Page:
Here’s an idea for art openings … have the folks who are normally behind the scenes give mini tours. Last night I attended After Hours opening of Jannis Kounellis in Six Acts exhibit with my friend Damian, who worked on the installation. I got an inside scoop that made me appreciate the art even more.
Kounellis is a Greek artist, very big in the Arte Povera in the 1960s and 19070s. Arte Povera (poor art) features everyday objects in a in scale and structure that sets them apart. Kounellis’ work includes large letters, sails from boats, rocks as well as glassware and a toy train. The individual works of art are reconstructed for each show. Some pieces are impossibly large scale and yet meaning can be in the tiniest nuance or detail. So much of the exhibit is recognizing when you look at the whole and when you focus on minutiae and why.
Not being an insider, I often wondered how plug-and-play these large-scale art exhibits were. Is each work preserved in a box and carefully opened once in the gallery? Are they recreated using Legoland-type instructions? Is that bag of coal really a bag of coal or is it half tissue paper and only coal near the top? I got a lot of answers last night.
Q: Is that bag really full of coal?
A: Yes it is. And the coal in the middle of the bags is real too. It’s heavy and dirty. The crew wore masks when constructing the work and looked like coal miners in the end.
Q: Are there specific instructions on how and where to set objects?
A: This is a yes and no and led to questions I didn’t even think about. There are some instructions but a lot of he work is based on looking at pictures from past exhibits. (Although sounds like during this installation, a lot of work went into taking good notes for the next guy.) The artist’s family was apparently involved as well. That’s helpful for getting a feel for what the artist was trying to convey but also the added pressure of wanting to do right by the family. (Another work was on loan from a private collector, who was also very involved with the particulars of the recreation of that work.)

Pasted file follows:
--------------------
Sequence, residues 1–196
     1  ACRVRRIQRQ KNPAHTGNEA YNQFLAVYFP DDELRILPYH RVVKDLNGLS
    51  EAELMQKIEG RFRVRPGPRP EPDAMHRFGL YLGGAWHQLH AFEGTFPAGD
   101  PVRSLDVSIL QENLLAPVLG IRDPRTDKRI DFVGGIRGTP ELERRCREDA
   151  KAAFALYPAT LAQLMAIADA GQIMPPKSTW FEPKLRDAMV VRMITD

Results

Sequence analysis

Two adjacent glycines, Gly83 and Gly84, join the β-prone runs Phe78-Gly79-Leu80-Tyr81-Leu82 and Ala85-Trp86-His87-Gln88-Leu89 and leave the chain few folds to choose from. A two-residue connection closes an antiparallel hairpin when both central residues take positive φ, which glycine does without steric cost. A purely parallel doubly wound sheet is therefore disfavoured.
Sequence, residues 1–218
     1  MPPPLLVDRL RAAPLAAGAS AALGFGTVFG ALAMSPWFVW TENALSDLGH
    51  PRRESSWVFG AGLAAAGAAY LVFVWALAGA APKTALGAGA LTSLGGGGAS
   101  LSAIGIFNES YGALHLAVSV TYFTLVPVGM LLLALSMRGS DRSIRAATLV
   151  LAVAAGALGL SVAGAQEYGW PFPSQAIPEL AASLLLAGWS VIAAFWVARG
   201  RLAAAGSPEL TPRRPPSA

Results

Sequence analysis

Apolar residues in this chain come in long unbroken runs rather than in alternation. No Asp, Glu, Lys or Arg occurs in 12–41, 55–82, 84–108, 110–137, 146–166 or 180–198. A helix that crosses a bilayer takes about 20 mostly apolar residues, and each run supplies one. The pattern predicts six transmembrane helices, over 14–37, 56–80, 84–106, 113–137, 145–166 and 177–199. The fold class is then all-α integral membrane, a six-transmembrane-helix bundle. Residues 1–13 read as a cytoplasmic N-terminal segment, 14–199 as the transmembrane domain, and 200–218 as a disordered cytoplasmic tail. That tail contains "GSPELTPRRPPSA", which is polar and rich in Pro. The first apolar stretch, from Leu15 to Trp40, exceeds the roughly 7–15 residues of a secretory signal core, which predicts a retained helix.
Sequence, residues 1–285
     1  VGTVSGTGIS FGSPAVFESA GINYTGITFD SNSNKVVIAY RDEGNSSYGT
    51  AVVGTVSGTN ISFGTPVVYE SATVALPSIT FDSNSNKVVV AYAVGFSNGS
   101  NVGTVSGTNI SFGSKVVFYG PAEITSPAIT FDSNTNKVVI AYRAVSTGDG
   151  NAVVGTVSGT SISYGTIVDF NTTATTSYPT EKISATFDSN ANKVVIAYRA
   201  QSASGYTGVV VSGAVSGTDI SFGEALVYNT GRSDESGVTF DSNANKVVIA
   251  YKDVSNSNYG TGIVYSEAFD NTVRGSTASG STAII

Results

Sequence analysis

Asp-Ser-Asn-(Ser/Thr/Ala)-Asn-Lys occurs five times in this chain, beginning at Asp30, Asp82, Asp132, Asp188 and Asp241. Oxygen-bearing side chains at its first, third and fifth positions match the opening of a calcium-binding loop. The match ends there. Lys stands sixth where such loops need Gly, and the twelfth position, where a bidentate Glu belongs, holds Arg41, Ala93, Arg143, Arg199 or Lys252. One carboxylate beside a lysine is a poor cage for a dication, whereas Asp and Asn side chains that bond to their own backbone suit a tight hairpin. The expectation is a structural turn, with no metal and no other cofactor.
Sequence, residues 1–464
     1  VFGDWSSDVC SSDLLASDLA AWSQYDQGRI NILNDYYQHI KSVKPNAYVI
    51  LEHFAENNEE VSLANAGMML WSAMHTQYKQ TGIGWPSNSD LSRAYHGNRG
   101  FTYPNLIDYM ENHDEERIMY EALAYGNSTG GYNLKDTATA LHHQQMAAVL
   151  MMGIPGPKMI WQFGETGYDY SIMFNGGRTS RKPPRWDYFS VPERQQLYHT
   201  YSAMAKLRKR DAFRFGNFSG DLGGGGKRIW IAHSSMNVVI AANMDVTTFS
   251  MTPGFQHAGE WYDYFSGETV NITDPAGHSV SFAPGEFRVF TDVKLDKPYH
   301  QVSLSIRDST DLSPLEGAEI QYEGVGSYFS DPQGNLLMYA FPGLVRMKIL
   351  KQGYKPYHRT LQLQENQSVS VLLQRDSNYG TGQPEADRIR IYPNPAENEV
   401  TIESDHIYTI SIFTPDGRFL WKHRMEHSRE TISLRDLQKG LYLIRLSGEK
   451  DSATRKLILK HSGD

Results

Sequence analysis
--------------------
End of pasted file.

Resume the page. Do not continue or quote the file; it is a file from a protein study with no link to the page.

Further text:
There was a very large work of wood placed into a large vertical metal frame. Those pieces came in five boxes and were recreated from pictures and loose markings. Imagine Ikea if they used oak and iron!
Another work included a wall full of glassware on shelves, much like you might find at Vincent de Paul charity shop. It was cheap glassware that is now unwrapped by people wearing gloves and seen by fancy people in art galleries. That image feels on brand for the exhibit – uplifting and celebrating the ordinary without losing the humor of the absurdity.
Q: Is that coffee and do you unpack it in a pyramid?
A: It’s coffee (and in a similar work it’s sulfur) and each pile is painstakingly rebuilt from scratch. It takes packing it down, patience and eventually letting the grounds fall into place. An amazing example of art demanding attention in the creation, it captures the attention. This is an exhibit that hard not to want to touch. (I didn’t!) The objects are ordinary so it feels safe, but presented in new and unusual ways so it’s tempting to want to touch them to see if they are real, to see if they feel different in this new iteration.
Just a few answers there but it gave me a glimpse of art that I rarely see.